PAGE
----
Send to

Choose Destination

See 1 citation found using an alternative search:

Ugeskr Laeger. 2010 Oct 11;172(41):2827-31.

[Symptom presentation in cancer patients in general practice].

[Article in Danish]

Author information

Aarhus Universitet, Forskningsenheden for Almen Praksis, DK-8000 Århus C, Denmark.



For the majority of cancer patients, the diagnostic investigations begin in general practice. The aim of the study was to investigate for which symptoms cancer patients consulted their general practitioner (GP).


All newly diagnosed cancer patients and their GPs in the County of Aarhus, Denmark, participated in a 1-year questionnaire survey. The GPs answered questions about the patients' first presentation of cancer symptoms and the GPs' interpretation of these symptoms.


A total of 2,212 (83%) questionnaires were answered. The total number of reported symptoms was 3,208 corresponding to 1.7 reported symptoms per patient. The majority (57.6%) of patients presented only one symptom. Symptoms varied with the type of cancer. Patients with breast cancer and malignant melanoma mainly presented with diagnosis-specific symptoms. Patients with colorectal, lung and prostate cancer presented diagnosis-specific symptoms (change in bowel habits, cough and bladder dysfunction) as well as more non-specific symptoms (pain, weight loss and fatigue). The GPs interpreted the symptoms as alarm symptoms in 49%, as general symptoms in 24% and as non-cancer specific symptoms in 27% of the patients.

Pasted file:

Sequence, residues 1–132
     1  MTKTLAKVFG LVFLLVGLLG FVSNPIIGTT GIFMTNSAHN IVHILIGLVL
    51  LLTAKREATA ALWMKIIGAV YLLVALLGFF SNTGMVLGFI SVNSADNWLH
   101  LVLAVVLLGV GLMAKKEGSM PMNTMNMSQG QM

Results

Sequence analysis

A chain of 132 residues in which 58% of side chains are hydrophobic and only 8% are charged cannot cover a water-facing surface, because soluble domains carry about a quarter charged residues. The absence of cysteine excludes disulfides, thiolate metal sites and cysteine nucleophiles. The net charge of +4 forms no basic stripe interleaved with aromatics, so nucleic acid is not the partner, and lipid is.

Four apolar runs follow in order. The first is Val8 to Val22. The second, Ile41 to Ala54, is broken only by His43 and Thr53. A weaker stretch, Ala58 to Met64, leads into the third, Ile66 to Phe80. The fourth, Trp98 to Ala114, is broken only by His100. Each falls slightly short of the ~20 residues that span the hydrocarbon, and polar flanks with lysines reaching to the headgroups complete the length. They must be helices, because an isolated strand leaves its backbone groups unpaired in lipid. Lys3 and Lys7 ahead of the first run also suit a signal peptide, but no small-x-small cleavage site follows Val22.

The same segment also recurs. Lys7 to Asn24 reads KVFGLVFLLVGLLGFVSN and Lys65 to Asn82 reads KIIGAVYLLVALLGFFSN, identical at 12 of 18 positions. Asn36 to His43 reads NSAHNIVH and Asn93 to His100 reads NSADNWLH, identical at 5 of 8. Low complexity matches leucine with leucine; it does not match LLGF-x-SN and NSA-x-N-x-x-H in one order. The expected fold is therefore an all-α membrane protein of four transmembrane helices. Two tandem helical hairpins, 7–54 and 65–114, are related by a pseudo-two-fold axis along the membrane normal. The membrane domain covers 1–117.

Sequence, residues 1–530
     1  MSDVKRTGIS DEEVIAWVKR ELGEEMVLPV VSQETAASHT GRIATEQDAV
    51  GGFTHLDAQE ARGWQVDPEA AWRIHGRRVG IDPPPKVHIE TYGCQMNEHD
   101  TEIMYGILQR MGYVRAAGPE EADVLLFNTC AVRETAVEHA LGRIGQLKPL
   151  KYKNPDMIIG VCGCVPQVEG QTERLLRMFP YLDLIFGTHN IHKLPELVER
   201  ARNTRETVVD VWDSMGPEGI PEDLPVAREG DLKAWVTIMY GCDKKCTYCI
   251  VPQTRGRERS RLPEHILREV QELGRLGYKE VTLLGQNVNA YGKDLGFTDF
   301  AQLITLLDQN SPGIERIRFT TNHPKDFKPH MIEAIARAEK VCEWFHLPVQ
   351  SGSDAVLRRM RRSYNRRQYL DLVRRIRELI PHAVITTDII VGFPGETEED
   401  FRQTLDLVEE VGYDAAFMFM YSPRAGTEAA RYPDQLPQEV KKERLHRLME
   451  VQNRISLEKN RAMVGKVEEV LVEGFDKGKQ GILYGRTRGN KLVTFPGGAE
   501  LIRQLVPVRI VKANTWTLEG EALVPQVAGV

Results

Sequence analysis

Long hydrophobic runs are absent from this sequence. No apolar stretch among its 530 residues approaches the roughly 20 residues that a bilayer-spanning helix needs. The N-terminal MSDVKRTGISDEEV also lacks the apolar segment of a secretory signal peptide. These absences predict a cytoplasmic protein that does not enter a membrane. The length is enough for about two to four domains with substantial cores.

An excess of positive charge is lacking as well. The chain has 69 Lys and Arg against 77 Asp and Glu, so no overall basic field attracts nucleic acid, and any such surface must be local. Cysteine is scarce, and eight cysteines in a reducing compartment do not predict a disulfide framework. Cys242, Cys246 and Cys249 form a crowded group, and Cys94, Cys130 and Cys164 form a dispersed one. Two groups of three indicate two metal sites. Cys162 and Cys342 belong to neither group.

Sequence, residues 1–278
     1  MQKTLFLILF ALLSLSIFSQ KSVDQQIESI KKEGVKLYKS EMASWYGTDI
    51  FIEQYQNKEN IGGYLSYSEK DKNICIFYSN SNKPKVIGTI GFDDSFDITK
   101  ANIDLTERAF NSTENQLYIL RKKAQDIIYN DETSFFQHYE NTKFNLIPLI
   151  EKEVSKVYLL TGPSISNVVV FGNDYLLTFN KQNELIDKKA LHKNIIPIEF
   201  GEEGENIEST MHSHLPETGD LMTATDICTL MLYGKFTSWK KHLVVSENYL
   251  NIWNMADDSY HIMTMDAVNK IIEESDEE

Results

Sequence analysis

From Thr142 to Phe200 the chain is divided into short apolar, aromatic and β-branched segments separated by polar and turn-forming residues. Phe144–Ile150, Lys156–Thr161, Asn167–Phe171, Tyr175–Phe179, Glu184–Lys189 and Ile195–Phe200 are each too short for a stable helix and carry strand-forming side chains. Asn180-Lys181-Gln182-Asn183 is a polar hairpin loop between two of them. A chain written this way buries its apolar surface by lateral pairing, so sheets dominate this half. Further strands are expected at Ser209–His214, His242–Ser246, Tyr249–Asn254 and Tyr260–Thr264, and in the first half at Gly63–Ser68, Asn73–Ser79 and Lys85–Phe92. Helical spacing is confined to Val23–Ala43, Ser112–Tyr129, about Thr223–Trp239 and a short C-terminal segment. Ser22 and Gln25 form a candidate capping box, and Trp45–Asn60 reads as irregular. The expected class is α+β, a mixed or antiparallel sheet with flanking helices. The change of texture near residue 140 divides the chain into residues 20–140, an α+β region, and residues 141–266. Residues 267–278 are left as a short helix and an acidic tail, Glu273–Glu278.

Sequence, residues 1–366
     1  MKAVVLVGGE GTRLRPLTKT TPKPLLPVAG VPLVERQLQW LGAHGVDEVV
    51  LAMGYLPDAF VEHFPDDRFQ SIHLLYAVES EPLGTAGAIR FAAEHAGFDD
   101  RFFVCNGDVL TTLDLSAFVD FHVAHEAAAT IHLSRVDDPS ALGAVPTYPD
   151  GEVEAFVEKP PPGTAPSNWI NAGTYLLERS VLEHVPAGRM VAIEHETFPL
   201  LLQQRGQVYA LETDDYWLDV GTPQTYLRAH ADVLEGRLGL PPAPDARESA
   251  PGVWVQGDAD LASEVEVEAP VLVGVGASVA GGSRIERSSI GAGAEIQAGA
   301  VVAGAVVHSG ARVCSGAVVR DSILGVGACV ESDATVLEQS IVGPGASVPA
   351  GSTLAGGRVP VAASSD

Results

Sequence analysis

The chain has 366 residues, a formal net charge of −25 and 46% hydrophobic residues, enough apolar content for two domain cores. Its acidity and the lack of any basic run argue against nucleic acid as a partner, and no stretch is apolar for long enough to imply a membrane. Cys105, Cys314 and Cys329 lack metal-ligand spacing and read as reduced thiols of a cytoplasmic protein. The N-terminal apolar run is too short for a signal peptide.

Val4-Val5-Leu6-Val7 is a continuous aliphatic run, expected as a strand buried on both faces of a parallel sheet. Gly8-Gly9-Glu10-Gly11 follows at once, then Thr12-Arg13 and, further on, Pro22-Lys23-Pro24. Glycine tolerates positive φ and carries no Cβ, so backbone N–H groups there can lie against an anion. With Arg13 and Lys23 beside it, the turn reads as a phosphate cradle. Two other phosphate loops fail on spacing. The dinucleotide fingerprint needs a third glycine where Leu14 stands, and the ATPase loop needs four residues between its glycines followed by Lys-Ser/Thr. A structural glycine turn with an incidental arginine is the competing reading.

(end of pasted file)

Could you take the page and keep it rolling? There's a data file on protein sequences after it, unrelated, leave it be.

In general practice, incident cancer patients often present with few and non-cancer specific symptoms. The fact that only half of the patients presented with alarm symptoms complicates the GPs' diagnostic work-up and the use of fast track for suspected cancer. Therefore, there is a need for alternative referral pathways for cancer patients with non-cancer specific symptoms.

[Indexed for MEDLINE]

Supplemental Content

Loading ...
Support Center